Author: GLE Team | Published on 1 September 2023


'Talking About Family' is a speaking and discussion task about family roles and gendered stereotypes linked to these with a follow up written task.

Stage 1: Warm up

Display or draw an image of a family. Ask learners what they see. Responses should include ‘a family/parents and children/mother, father, son, daughter’.

Stage 2

Divide the class into groups with learners of all genders and abilities. Explain that they will discuss and write sentences about the family. This could be about them as a whole, e.g. The family has a mother, father, son and daughter; or  the family is made up of a two fathers, and 3 children could be more descriptive, e.g. The mother is caring and supportive. As a next step, ask learners to include sentences about the roles of each member of the family, for example the parental roles, e.g. The father works to provide for the family; and the jobs that maybe the children do in the household, e.g. The son mows the lawn and the daughter helps the mother to cook. Allow 15 minutes for sentences to be composed.

Stage 3

At the end of the given time, ask learners to volunteer to share some sentences.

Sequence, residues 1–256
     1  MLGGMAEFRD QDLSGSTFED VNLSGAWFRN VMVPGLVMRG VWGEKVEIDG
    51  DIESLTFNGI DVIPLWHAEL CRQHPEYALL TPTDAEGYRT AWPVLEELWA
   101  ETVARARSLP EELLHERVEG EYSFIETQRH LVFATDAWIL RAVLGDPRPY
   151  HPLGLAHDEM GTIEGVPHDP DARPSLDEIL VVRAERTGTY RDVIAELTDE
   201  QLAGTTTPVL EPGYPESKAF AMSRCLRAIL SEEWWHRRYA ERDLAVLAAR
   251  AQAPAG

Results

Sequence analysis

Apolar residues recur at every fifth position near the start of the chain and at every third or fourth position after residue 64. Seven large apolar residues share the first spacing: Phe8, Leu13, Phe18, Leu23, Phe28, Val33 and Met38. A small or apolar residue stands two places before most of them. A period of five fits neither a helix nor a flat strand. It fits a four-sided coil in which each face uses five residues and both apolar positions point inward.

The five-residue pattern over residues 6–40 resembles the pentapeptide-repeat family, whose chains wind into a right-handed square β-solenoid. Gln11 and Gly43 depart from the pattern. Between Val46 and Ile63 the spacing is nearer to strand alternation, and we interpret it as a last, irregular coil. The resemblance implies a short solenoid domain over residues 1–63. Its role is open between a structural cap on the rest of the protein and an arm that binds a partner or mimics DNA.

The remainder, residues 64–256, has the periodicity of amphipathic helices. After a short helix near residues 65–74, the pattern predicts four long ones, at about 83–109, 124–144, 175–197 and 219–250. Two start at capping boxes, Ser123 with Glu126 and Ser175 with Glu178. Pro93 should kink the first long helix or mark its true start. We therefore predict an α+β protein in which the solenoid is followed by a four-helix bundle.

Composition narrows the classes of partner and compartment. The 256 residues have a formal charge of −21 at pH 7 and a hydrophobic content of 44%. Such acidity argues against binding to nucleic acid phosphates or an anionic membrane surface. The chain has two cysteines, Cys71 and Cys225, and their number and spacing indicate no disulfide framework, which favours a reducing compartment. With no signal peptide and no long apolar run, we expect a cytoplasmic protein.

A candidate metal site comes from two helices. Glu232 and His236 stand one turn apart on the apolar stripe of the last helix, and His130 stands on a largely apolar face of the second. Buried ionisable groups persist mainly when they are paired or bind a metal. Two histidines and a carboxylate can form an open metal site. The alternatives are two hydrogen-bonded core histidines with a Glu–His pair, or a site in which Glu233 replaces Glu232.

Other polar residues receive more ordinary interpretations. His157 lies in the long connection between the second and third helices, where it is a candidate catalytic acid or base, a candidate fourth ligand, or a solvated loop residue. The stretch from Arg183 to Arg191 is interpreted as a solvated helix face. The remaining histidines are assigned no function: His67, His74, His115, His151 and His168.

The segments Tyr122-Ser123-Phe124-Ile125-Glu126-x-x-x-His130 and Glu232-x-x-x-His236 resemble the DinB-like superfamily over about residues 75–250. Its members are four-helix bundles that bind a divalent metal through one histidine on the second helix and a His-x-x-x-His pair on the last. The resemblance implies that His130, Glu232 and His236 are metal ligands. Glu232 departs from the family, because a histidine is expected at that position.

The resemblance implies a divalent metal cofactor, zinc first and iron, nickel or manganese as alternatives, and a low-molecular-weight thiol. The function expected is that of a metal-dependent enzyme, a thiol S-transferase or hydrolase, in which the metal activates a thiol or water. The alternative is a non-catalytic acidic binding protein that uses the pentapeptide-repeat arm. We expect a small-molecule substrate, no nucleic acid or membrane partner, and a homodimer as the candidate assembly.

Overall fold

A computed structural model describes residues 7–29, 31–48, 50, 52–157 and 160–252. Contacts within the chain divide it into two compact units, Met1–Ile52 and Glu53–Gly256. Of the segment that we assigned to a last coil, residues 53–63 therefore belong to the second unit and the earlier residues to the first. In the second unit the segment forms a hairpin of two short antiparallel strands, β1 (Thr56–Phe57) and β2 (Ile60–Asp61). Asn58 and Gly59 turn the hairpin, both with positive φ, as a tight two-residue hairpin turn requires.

Stage 4

As learners share, comment on any gender stereotypes. Discuss the example sentences – could the mother work? Might the father cook every evening? Could the daughter play football and the son enjoy baking? Ask learners to share sentences they have written that conform to or challenge the stereotypes of these gender roles.

Stage 5

Display the sentences if possible in the classroom. Ask students to try to re-write any that conform to gender stereotypes in a neutral manner or in a way that challenges these expected roles. This can be a tool that is referred back to at any point where a stereotype appears in a book or as part of a discussion.  

Gender Responsive Notes: Ensure gender neutral language throughout; mixed gender groups to analyse image; ensure answers are taken from a variety of learners; the opportunity to analyse a piece of writing/character created by learners through a gender lens.


Gender Stereotypes: a generalised view or preconception about attributes or characteristics, or the roles that are or ought to be possessed by, or performed by, women and men. A gender stereotype is harmful when it limits learners’ capacity to develop their personal abilities, pursue their education opportunities, professional careers and/or make choices about their lives. For example, it is a common stereotype that men should be confident and aggressive, and women are quieter and passive. 

Gender Norms: ideas, standards and expectations to which women and men generally conform and how they should act within a range that defines a particular society, culture and community at that point in time. They are often internalised early in life; gender norms can establish a life cycle of gender socialisation and stereotyping. For example, a gender norm might be that boys play football and girls watch.